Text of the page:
Tomáš Jamník is one of the most prominent cellists on the Czech performance scene. He has been devoting himself to cello playing since the age of five, and after graduating from the Academy of Performing Arts in Prague under the tutelage of Prof. Josef Chuchro, he furthered his education in Leipzig and Berlin. At the age of twenty-one, he won the 2006 Prague Spring International Competition, where he also received several special prizes. In 2010 he won a competition that earned him a place at the renowned Karajan Academy in Berlin, at which he appeared as a member of the Berlin Philharmonic and of various chamber music groups of philharmonic players. Since 2011 he has been collaborating with such top musicians as Simon Rattle, Reinhard Goebel, and Leif Ove Andsnes. Together with the violinist Jan Fišer and the pianist Ivo Kahánek, he is a founding member of the Dvořák Trio. For the Supraphon label, he has recorded the complete works of Antonín Dvořák for cello and orchestra including the virtually unknown Concerto in A Major in a special arrangement based on an orchestration by Jarmil Burghauser. He performed it at the 2019 Dvořák Prague Festival.
Lukáš Vondráček, who turns 34 this year, is known internationally as one of today’s most distinctive Czech performers. He is followed by his reputation as a prodigy: he began playing piano at age two, and a year later he gave his first public performance. At age eleven he issued his first CD, and two years after that he gave his first concert tour of the USA. At thirteen he began his university studies, and at fifteen he made his debut with the Czech Philharmonic under the baton of Vladimir Ashkenazy. A highpoint of his artistic career so far was his triumph at the prestigious Queen Elisabeth Competition in Brussels in 2016, where he became the first Czech winner in history. He has appeared in solo recitals at a number of famed concert halls including Carnegie Hall in New York, the Elbephilharmonie in Hamburg, the Leipzig Gewandhaus, the Konzerthaus in Vienna, and the Concertgebouw in Amsterdam. His appearances in the Czech Republic include this past January at the Municipal House in Prague with the Piano Concerto in F Minor by Frédéric Chopin. He is a long-time resident of Boston.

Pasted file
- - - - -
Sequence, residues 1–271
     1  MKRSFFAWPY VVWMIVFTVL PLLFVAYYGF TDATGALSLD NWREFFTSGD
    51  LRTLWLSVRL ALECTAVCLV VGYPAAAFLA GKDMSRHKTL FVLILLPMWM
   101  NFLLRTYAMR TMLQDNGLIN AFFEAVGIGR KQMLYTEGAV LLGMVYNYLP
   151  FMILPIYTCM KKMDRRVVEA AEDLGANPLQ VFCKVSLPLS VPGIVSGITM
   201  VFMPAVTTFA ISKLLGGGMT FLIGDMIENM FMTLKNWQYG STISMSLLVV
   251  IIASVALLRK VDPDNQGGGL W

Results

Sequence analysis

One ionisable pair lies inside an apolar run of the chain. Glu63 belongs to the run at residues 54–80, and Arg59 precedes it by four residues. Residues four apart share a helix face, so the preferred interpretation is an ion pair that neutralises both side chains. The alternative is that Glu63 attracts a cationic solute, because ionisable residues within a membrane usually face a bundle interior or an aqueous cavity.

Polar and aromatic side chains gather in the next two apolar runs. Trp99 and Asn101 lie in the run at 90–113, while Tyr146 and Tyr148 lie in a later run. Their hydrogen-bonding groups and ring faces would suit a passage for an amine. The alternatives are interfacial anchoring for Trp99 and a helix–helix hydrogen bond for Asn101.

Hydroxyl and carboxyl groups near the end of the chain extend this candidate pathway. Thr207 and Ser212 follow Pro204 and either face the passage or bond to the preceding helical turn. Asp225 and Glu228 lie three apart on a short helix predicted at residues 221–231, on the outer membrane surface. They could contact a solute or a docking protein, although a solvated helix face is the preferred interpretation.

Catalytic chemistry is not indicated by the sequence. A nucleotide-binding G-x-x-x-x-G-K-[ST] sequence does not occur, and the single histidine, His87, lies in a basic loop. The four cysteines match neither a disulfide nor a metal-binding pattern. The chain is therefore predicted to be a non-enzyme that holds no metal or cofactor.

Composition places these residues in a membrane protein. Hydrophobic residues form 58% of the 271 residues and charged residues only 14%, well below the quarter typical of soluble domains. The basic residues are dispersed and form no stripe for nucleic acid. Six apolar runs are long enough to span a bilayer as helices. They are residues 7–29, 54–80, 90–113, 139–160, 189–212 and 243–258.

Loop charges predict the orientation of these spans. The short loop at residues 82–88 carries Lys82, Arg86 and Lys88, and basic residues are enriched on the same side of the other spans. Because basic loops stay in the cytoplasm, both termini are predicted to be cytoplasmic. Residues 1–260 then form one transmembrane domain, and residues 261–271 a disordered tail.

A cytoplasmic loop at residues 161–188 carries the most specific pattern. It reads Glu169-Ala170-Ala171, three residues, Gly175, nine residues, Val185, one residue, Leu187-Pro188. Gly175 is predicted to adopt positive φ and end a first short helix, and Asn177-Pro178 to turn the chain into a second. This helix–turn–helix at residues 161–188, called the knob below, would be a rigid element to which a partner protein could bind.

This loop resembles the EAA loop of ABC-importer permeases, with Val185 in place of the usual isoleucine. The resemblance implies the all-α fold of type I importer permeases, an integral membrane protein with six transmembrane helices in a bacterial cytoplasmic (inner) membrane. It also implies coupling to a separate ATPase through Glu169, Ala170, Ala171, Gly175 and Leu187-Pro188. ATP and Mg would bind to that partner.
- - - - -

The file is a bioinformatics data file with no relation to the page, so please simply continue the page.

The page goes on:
The Rudolfinum is one of the most important Neo-Renaissance edifices in the Czech Republic. In its conception as a multi-purpose cultural centre it was quite unique in Europe at the time of its construction. Based on a joint design by two outstanding Czech architects, Josef Zítek and Josef Schultz, a magnificent building was erected serving for concerts, as a gallery, and as a museum. The grand opening on 7 February 1885 was attended by Crown Prince Rudolph of Austria, in whose honour the structure was named. In 1896 the very first concert of the Czech Philharmonic Orchestra took place in the Rudolfinum's main concert hall, under the baton of the composer Antonín Dvořák whose name was later bestowed on the hall.